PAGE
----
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On the special specificity of Glyoxalase I, a Metalloenzyme that accepts both enantiomers of its chiral substrate but converts them to only the S-D enantiomer of lactoylglutathione

Mehdi Irani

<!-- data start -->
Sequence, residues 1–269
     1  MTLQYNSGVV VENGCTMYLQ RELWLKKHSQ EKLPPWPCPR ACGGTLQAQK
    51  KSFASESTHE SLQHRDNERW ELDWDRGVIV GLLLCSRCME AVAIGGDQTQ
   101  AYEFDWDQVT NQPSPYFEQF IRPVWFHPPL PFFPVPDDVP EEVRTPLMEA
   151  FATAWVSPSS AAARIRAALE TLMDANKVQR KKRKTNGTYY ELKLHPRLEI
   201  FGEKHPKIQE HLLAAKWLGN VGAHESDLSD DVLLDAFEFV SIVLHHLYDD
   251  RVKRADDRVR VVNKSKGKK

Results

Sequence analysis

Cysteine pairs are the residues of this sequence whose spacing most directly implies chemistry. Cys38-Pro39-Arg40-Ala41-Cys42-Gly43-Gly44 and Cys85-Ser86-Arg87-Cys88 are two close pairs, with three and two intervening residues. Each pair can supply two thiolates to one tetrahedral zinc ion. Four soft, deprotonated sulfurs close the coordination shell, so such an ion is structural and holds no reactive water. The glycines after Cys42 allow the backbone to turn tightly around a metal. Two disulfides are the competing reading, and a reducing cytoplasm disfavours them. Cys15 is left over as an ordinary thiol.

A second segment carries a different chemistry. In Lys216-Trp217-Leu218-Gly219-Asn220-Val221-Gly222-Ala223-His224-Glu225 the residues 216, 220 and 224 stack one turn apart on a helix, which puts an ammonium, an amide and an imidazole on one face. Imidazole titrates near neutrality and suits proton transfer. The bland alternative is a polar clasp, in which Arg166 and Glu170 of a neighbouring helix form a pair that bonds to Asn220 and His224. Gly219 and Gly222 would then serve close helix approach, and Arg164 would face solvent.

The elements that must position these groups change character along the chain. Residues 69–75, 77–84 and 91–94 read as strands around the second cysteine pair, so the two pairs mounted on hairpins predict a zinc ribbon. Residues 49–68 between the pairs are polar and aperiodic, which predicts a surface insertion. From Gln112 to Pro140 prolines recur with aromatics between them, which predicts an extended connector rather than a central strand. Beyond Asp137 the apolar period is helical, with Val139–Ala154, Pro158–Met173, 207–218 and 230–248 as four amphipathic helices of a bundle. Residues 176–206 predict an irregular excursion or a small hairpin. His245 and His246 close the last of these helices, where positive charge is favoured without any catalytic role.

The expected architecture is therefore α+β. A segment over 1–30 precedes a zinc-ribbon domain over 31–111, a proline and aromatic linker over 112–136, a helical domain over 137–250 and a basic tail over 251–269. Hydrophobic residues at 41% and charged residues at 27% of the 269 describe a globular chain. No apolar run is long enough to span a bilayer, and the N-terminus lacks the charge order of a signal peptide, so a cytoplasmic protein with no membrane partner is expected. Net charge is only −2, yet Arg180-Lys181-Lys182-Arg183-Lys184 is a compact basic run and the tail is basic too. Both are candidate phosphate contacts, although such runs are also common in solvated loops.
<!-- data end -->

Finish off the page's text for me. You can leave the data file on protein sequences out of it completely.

Glyoxalase I (GlxI) is a member of the glyoxalase system, which is important in cell detoxification and converts hemithioacetals of methylglyoxal (a cytotoxic byproduct of sugar metabolism) and glutathione into D-lactate. GlxI accepts both S and R enantiomers of hemithioacetal, but converts them to only the S-D enantiomer of lactoylglutathione. Interestingly, the enzyme shows this unusual specificity with a rather symmetric active site (a Zn ion coordinated to two glutamate residues; Glu-99 and Glu-172). Recently, we have studied different aspects of the GlxI reaction in four separate works using computational chemistry methods [1–4]. Our Molecular dynamics simulations and hybrid quantum mechanics/molecular mechanics calculations show that Glu-172 is more flexible and basic than Glu-99 in the catalytic reaction of GlxI and is much closer to flexible loops inside the protein. In addition, the higher basicity and flexibility of Glu-172 may explain the special stereospecificity of GlxI.